No. She wouldn't go to her mother. Their relationship was too new, too tentative and too volatile for Lauren to ask Jacqui to choose sides between her oldest son and her youngest daughter, and Lauren couldn't afford to alienate her mother yet. This turf war was between her and Trent, and Lauren refused to let him win.
Tightening her grip on her helmet strap rather than around her half brother's thick neck as she'd prefer, she stared him down. "I'll be the pilot-in-command instead of first officer?"
Her idiot brother had limited her to flying as first officer instead of the pilot-in-command. She hadn't flown in the copilot seat in years, and the pilots he'd made her fly with often had fewer qualifications than she did. But she'd accepted the entry-level position while she earned her certifications in the models and equipment new to her. She could endure any indignity as long as it benefited her in the end—even playing nice with her mother.
Trent tossed his pen onto his blotter. "None of the aircraft Gage has requested require a copilot."
He threw her a sweet bone of concession to offset the bitter deal he was forcing down her throat. "None of your other HAMC pilots is assigned a one-on-one job."
"My other pilots don't have your…varied experience." He made the comment sound like an insult instead of the compliment it would have been coming from any other employer.
Don't let him rattle you. You know that's what he wants. "How long is the assignment?"
"For as long as Gage needs you. Becky has your immediate schedule and plane assignments." Trent rose and indicated the door, dismissing her.
She'd learned early on that arguing with Trent was a waste of time. Eager to escape the blockhead's presence as well as see what and where she'd be flying, Lauren sprang to her feet. The upside was HAMC had some sweet planes that her brother had yet to let her touch. Maybe she'd get behind the controls of a few.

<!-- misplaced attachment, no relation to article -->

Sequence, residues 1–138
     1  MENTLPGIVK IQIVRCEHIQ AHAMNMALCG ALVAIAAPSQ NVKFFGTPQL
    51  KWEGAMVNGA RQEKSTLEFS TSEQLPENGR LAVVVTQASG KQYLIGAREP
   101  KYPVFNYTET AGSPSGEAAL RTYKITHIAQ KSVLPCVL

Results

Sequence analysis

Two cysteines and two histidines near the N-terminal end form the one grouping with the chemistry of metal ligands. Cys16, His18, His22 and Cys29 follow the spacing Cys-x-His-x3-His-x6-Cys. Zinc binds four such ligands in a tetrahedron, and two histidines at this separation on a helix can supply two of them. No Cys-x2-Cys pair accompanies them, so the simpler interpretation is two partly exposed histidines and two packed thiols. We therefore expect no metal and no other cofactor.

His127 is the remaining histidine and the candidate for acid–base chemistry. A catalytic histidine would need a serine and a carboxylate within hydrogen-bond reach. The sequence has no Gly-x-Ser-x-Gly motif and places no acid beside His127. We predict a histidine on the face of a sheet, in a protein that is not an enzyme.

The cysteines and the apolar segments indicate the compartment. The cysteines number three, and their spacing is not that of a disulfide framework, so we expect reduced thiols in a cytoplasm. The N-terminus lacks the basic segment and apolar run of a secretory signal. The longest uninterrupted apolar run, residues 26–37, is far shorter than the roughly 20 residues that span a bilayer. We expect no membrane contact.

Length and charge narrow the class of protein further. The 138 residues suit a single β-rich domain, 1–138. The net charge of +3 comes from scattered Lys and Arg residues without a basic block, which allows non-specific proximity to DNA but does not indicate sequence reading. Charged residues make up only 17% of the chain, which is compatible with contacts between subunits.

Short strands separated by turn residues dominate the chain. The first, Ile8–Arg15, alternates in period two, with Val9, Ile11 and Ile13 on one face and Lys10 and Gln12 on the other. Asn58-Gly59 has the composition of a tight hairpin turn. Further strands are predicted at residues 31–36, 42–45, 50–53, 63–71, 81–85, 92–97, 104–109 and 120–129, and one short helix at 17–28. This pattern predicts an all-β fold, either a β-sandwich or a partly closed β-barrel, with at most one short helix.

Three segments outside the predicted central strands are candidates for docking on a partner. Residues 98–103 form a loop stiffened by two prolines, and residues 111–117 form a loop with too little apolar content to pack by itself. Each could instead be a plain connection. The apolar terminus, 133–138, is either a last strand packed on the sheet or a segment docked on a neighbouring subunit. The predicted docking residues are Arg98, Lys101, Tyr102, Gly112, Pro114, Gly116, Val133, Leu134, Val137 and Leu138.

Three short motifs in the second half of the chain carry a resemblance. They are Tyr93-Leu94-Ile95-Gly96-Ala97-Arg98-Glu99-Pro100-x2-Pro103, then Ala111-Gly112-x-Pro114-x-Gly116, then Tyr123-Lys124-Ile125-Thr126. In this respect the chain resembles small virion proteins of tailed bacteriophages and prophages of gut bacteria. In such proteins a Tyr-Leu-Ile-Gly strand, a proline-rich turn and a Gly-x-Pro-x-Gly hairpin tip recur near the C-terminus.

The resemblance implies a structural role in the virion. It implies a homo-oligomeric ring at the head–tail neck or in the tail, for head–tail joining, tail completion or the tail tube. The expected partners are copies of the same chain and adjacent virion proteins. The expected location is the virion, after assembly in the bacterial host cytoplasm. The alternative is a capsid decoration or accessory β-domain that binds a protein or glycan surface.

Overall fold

Faulkner unfolded his long body beside her, making her aware of his height and the smooth, athletic way he moved. He towered over her as he offered his hand. "I look forward to flying with you, Lauren."
His chilly tone belied his words and made her wonder if Trent had poisoned yet another mind against her. She reluctantly put her hand in his. That same breath-stealing surge shot through her again, and something flickered in his eyes, making her wonder if he felt it, too—whatever it was. Didn't matter. That wasn't a trip she'd be taking.
"I'll do my best to deliver smooth, punctual flights." Ripping her hand free, she spun on her heel and hustled her boots out of the throne room. Killjoy Trent shadowed her to The Sphinx's desk.
"Lauren, Gage is a close personal friend." He pitched his voice low enough not to carry back through the open door of his office. "Don't blow this or you're out of a job."
Ah. The catch. She rocked back on her heels. Trent had assigned her to work for a spy—one who would help him find grounds to get rid of her.